Acute respiratory failure is a common complication of drug abuse. It is more likely to develop in the setting of chronic lung disease or debility in those with limited respiratory reserve. Drugs may acutely precipitate respiratory failure by compromising respiratory pump function and/or by causing pulmonary pathology. Polysubstance overdoses are common, and clinicians should anticipate complications related to multiple drugs. Impairment of respiratory pump function may develop from central nervous system (CNS) depression (suppression of the medulla oblongata, stroke or seizures) or respiratory muscle fatigue (increased respiratory workload, metabolic acidosis). Drug-related respiratory pathology may result from parenchymal (aspiration-related events, pulmonary edema, hemorrhage, pneumothorax, infectious and non-infectious pneumonitides), airway (bronchospasm and hemorrhage), or pulmonary vascular insults (endovascular infections, hemorrhage, and vasoconstrictive events). Alcohol, cocaine, amphetamines, opiates, and benzodiazepines are the most commonly abused drugs that may induce events leading to acute respiratory failure. While decontamination and aggressive supportive measures are indicated, specific therapies to correct seizures, metabolic acidosis, pneumothorax, infections, bronchospasm, and agitation should be considered. Drug-related respiratory failure when due to CNS depression alone may portend well, but in patients with drug-related significant pulmonary pathology, a protracted course of illness may be anticipated. J Intensive Care Med Jul-Aug 2004;19(4):183-93.doi: 10.1177/0885066604263918. Acute respiratory failure from abused substances Kevin C Wilson 1, Jussi J Saukkonen PMID: 15296619
We also know that people can have problems with “Control of Breathing ” and/or have problems with the Respiratory Muscle Pump System without the use of drugs. This suggests that , for them, the normal corrective actions of the respiratory pump system are permanently impaired. Breathing stays depressed [too slow] or stays excited [too fast] and does not correct in order to control acid base conditions. When compensatory mechanisms of the rest of the body are overwhelmed, then PC02 will shift, and most likely create a dose related respiratory and/or metabolic acidosis, creating challenges for all organs and systems of the body, including brain function and our conscious experience of mind. …..exactly like the effect of taking drugs BUT without taking any exogenous drugs.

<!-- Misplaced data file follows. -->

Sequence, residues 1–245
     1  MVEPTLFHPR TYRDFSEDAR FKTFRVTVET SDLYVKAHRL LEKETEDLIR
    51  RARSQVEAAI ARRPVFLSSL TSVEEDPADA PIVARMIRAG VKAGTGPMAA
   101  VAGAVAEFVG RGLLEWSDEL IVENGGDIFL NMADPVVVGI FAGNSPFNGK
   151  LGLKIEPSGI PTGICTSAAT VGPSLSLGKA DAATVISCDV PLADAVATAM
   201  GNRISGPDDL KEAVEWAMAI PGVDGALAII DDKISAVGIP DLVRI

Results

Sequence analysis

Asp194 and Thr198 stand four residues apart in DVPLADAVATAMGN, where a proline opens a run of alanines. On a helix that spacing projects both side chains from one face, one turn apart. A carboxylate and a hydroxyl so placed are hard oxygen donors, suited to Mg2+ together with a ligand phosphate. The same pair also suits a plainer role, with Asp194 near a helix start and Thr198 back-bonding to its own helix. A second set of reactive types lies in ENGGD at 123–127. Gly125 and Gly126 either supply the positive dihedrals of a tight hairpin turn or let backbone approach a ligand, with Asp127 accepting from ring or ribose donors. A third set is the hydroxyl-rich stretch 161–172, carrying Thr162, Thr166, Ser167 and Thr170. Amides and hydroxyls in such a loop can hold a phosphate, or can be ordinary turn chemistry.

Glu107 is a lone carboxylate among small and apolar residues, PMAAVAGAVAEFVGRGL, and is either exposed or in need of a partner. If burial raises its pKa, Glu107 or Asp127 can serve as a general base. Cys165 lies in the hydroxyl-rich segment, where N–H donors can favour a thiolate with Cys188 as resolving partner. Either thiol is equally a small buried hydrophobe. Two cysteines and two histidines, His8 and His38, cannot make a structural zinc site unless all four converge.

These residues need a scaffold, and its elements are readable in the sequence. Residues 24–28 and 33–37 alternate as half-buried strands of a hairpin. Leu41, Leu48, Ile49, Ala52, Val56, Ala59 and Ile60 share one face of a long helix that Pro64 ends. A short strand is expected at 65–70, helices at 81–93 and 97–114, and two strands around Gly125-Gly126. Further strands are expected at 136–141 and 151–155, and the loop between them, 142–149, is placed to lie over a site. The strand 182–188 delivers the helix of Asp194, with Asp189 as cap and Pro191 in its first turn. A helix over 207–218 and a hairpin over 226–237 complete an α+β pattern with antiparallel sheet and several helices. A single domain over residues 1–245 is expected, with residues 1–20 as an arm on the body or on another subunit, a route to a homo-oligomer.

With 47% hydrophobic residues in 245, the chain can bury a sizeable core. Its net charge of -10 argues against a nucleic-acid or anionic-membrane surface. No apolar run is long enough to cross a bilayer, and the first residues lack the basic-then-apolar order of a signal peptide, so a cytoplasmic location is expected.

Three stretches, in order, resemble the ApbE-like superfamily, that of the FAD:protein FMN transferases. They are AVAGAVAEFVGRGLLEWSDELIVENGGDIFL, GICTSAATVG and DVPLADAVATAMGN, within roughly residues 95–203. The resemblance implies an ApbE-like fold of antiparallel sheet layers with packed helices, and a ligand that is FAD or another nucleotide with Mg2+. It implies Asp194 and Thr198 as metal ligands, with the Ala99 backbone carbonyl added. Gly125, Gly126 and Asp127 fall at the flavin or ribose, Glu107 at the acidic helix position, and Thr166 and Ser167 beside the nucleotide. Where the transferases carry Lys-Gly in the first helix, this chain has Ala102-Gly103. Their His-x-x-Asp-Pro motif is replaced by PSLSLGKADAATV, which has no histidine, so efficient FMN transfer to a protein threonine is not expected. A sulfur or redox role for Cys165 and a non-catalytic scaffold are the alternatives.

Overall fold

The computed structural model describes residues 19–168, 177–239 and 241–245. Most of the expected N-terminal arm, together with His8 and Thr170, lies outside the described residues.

Acute respiratory failure can also result in these people.
Acute respiratory pump failure will definitely affect memory, thinking and locomotor activity. and speed. It can cause periods of amnesia, confusion, changes in consciousness, psychomotor retardation and psychomotor excitement. Respiratory pump failure can be insidious and slow to increase and unconscious and hidden and unknown to the person experiencing its effects. And the effects can be drug-like, dysphoric/euphoric , with different patterns of mental confusion and different levels of change to locomotor activity and speed .
Perhaps both abnormal baseline breathing with drugs and abnormal baseline breathing without drugs result in the abnormal patterns of vital signs and abnormal mental status effects. This might explain the dysphoric/euphoric mental effects seen in people under the influence of drugs and in people during attacks of manic- depressive insanity. Impairment with mechanisms to correct for acidosis/alkalosis may be the underlying factor in both conditions. This is a hypothesis worth exploring I think.
C02 is a normal and useful product of metabolism, a necessary part of physiological function, and like most things- toxic in excess. Sufficient breathing and exhaling is the only way to control C02 in the blood and in the body tissues. Reversibly altered mood, mental status, and memory are the dose related result,
.sometimes it takes us a few days to complete a blog post …..as we edit and think some more…..
to be continued…..